Aug 04, 2017

Putting U.S. Employment Numbers in Context – July 2017

Post by Freedom Partners

This morning, the Bureau of Labor Statistics (BLS) reported that the unemployment rate for July 2017 was 4.3 percent and that the economy added 209,000 jobs.

Today marks the sixth full monthly report for the Trump administration, and total monthly job gains have averaged 179,000 during that time.

Despite the strong job growth, millions of Americans are still struggling to find work, and an additional 47,000 individuals that looked for a job in the last year have given up their search.

The good news is that robust, sustained job growth is finally within reach. This year, Washington has a once-in-a-generation opportunity to enact comprehensive tax reform that encourages growth and helps improve the lives of millions of Americans, as well as institute bold, pro-growth policies that curb overspending and reduce regulatory burdens for businesses and individuals.

Below is a deeper look at the numbers from today’s report and what they say about the state of the U.S. economy and labor market.

Unemployment by the Numbers

4.3%: The unemployment rate decreased to 4.3 percent during July, down from 4.4 percent in June 2017.

6,981,000: The total number of unemployed individuals roughly stayed the same at 7 million in July 2017.

209,000: The economy added 209,000 jobs during July, down from 231,000 jobs added during June. The number of jobs added during May was revised down to 145,000 from the 152,000 reported last month.

13,892,000: The total number of individuals “underemployed” was 13.9 million during July 2017. This includes those individuals who are unemployed (7 million), those who want a job but are no longer looking for work (1.6 million) and those individuals who are working part-time because no other work was available (5.3 million).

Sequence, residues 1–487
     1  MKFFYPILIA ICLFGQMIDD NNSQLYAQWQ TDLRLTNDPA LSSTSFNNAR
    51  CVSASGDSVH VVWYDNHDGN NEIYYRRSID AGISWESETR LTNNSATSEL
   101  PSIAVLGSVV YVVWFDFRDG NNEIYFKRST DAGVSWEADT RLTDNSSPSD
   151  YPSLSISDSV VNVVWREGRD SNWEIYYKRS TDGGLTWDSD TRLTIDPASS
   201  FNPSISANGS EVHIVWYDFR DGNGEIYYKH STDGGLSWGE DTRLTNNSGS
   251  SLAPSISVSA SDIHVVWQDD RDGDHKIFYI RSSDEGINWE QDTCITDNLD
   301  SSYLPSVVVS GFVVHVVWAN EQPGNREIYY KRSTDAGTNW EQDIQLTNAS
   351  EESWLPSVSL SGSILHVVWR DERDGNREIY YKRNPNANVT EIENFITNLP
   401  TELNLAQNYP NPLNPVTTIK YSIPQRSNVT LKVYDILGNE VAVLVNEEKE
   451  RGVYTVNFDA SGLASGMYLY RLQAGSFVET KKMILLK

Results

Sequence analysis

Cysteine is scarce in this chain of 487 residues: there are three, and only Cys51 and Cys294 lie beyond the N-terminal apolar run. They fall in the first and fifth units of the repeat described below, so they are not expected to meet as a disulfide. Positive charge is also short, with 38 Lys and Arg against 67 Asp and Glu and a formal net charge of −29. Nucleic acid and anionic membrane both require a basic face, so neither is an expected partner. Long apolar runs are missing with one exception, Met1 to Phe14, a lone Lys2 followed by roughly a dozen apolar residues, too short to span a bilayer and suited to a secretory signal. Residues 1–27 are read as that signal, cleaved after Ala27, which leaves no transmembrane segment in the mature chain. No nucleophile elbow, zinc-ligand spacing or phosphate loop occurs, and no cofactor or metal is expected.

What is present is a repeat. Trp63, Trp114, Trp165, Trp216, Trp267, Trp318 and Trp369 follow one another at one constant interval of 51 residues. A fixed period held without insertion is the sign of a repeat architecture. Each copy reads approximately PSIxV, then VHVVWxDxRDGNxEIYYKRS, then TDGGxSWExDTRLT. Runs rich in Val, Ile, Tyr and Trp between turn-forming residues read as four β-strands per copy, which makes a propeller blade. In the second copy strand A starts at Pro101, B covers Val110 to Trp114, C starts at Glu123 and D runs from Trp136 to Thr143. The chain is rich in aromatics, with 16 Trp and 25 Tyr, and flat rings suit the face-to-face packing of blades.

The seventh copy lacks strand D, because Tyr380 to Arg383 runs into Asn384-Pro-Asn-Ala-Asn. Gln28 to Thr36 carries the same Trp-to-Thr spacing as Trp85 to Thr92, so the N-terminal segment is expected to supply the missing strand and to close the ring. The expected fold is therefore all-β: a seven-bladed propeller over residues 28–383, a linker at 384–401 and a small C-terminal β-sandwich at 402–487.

8.6%: The “underemployment” or “real unemployment” rate stayed the same at 8.6 percent during July 2017.

7.4%: The African American unemployment rate increased to 7.4 percent last month, up from 7.1 percent during June.

5.1%: The Hispanic unemployment rate increased to 5.1 percent during July 2017.

349,000: The civilian labor force increased 349,000 during July 2017.

62.9%: The Labor Force Participation Rate was 62.9 percent during July 2017.

1,785,000: The number of individuals unemployed for longer than 27 weeks was 1.8 million during July. The total number of long-term unemployed individuals increased 121,000 from June 2017.

5,282,000: The number of individuals forced to work part-time because no full-time work was available was 5.3 million during July.

1,629,000: The number of individuals who attempted to look for a job at some point in the last year but have given up their search was 1.6 million during July 2017.

703,000: There were 703,000 unemployed first-time job entrants during July 2017. These individuals entered the labor market for the first time and were unable to find work.

25 Weeks: The average number of weeks it took job seekers to find work increased to 24.9 weeks in July.

6.8%: The millennial unemployment rate (18-29) decreased to 6.8 percent in July. When adjusting for pre-recession 2007 labor force participation rates, this figure increases to 10.5 percent.